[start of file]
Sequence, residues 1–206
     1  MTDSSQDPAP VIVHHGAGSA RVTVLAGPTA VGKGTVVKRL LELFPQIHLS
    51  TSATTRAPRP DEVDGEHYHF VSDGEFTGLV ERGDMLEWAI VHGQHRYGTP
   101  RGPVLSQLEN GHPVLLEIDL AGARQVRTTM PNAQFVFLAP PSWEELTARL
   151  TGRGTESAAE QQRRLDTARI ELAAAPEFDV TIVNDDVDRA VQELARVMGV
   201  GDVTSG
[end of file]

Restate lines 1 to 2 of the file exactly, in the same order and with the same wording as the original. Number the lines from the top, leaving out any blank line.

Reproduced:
Sequence, residues 1–206
     1  MTDSSQDPAP VIVHHGAGSA RVTVLAGPTA VGKGTVVKRL LELFPQIHLS